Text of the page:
Granular, Drill Down, 40,000-Foot View and Hacking, Or Words I Am Sick of Hearing

Granular, Drill Down, 40,000-Foot View and Hacking, Or Words I Am Sick of Hearing

I may get rode off of LinkedIn on a rail for saying this, but I despise the phrase “forty-thousand-foot view.”  I bristle when someone asks me to “drill down” or to get more “granular.” But the word that is truly nails on a chalkboard for me is “hacking.”  

Not blackhats and whitehats all getting their uber-nerd and often criminal shit on, but when used with other words, as in “life hacking,” “growth hacking” and “hack your toaster,” I literally want to scream.

It’s not only that these words are overused, it’s that they’re so overused that they mean nothing.  Literally.

Hackers used to be a thing.  Did you see the movie “Sneakers”?  Of course not. I’m the only person who ever saw that movie.  (Eagle Eye swears she saw and loved it, too.) Anyway. Those guys were, well, kinda, basically hackers.  

Your toaster and a “hacker” have never crossed paths unless one happens to live in your home and you don’t know it.  A hacker, not a toaster. You’re not “hacking your life,” you’re using smart shortcuts. I can’t even.

But that’s the point here.  The point of today’s blog is how we communicate with one another, and these examples are just a few of the phrases we use without considering what they mean – or if they mean anything at all.

Better Communication, Better Business

The key, deep down at the core of everything, whether you’re selling swimming pools or running for political office, is speaking the language of your audience. Most of the time, that means plain and clear wording, deliberately chosen. Nothing fancy. Get the point across, sell the thing, move along.

Buyers want to be happy.  They want their problems solved, whether that means having someone out to fix their dishwasher or finally, finally finding the perfect washer and dryer set to cure all their laundry woes.

But they’re not going to buy from you just because you’re using the most complicated, meaningless version of the same sales pitch as the next guy.  The guy who breaks it down and makes buying easy is the guy who gets the sale. They call that reducing friction.

There are five words in the English language that will unlock any opportunity you have in life.  Those are “What’s in it for me?”  Meaning that you always have to put the needs of the customer, audience, parent, friend or pet in perspective and resolve their problem with clear communication.  

Ten-dollar words don’t make you a better businessperson.  In fact, I’d argue that you’re going to alienate far more people than you win over when your words fade into the background like so many adults in the life of Charlie Brown.

How to Win Customers and Influence Buyers…

… and other people, too.  

I cannot stress enough how important it is to use the word you mean and not some fancy bedazzled version of it.  You get no points in Communications Land for using the most letters or more than five syllables in any given word.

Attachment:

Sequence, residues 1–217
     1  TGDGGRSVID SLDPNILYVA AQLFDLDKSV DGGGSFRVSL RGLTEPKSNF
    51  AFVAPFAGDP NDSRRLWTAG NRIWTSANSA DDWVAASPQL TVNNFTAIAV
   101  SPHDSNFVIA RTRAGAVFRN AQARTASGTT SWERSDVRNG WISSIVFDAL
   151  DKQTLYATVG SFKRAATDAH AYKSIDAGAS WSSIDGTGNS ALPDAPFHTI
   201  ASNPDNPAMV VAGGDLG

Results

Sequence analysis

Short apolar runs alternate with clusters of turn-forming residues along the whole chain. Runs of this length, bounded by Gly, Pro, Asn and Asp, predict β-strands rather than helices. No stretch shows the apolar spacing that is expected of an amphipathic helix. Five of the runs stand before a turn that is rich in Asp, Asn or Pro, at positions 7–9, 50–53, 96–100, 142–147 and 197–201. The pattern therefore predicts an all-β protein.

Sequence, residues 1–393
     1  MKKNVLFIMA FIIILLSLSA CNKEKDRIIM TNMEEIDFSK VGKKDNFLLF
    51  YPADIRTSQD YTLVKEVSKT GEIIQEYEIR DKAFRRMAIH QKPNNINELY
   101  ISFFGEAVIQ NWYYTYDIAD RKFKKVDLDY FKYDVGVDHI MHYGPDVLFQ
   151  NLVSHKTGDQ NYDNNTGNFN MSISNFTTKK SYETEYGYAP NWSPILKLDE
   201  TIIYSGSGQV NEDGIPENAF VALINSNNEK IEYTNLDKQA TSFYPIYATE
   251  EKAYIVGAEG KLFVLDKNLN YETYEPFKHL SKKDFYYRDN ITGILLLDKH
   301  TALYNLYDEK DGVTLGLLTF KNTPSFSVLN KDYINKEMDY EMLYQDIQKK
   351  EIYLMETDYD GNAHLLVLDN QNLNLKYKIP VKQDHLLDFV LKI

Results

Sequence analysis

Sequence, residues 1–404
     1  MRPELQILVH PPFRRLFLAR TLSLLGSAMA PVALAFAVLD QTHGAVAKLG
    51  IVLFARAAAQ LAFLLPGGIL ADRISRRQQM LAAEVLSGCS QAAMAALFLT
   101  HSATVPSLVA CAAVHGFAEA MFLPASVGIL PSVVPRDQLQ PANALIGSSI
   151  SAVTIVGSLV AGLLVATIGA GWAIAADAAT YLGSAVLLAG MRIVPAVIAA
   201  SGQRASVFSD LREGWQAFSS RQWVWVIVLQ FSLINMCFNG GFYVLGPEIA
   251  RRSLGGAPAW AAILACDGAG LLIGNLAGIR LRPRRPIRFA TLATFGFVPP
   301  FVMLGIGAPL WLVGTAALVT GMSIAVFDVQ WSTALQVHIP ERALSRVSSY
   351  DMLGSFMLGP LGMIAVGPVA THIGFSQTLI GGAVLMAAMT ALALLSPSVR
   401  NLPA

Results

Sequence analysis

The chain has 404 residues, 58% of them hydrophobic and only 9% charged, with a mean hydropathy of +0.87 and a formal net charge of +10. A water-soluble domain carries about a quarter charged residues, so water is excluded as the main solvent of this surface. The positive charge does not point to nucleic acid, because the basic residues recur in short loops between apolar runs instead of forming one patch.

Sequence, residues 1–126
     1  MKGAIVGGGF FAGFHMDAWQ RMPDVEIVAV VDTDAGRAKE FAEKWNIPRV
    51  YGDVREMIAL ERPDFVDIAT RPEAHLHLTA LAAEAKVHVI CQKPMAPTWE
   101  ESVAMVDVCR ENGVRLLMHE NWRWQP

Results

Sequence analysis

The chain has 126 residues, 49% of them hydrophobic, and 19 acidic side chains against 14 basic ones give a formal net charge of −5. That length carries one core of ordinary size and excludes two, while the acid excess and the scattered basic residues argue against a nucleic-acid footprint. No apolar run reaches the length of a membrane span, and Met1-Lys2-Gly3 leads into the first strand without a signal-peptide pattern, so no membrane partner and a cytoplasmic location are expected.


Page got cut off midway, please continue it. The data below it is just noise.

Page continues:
But you can improve your language right now.  Here are my top tips:

Listen to the word or phrase you’re using.  Does it sound like a word? Does it actually mean anything?  Can you provide a single uniform definition of it? If you can’t answer all of these questions with a yes, stop using that word or phrase.  RIGHT NOW.

Does anyone understand you?  Oh, it’s an ego trip for some folks to be the smartest mofo in the room.  But, as it turns out, the guy who is creating words out of thin air is usually the same one with an average (or below-average) IQ and, let’s say… hands.

Would you be able to explain the idea or product to your mom in a way she’d understand?  I also have a rule that uses your grandma, but today, let’s say it’s your mom. Listen, there’s a lot of stuff your mom gets, she just doesn’t speak in buzzwords and corporate lingo.  If you can’t explain the thing to your mom, you don’t understand it well enough.

How do you feel when your kids use teenage slang? If you’re confused, uncertain, frustrated or all of the above, then you know how it is to try to have a conversation with yourself.  Now stop doing that and hope your kids outgrow their secret language.

LinkedIn is probably the worst possible place for me to preach plain language, but at the same time, it’s the most appropriate.  There are people who want to talk to you, but they simply can’t because the words you use make no sense to them.

Speak plainly.  Win all the contracts.

CTA is Short for “Call to Action,” Meaning I’m Asking You to Do a Thing

Now that I’ve explained that, let’s see what I can ask you to do today.  How about stopping by In The Cloud Copy’s website?  There you can check out our specials, read more blogs like this one, admire a photo of a really intense tornado and send us a message.

You can email me, too, if you want.  I’m here to help. And if you’re the one who can’t understand the guy who can’t explain all those big words, ask me.  I promise it’ll be our little secret.

2 Responses

  1. Jack Smith says:

    Thank you, Millennial Stephen King! I hate granular myself. It sounds like the cell diagrams that my 7th grade science teacher insist thatI color, topographic map style. It was a pointless, time consuming task. Learning the names of the parts mattered, but I sure as hell wasn’t ever going to encounter a bright orange vacuole in real life.

    • inthecloud says:

      All of this seems legit, but I’m not a Millennial. So, I guess that concept needs to go back to the drawing board. 😉

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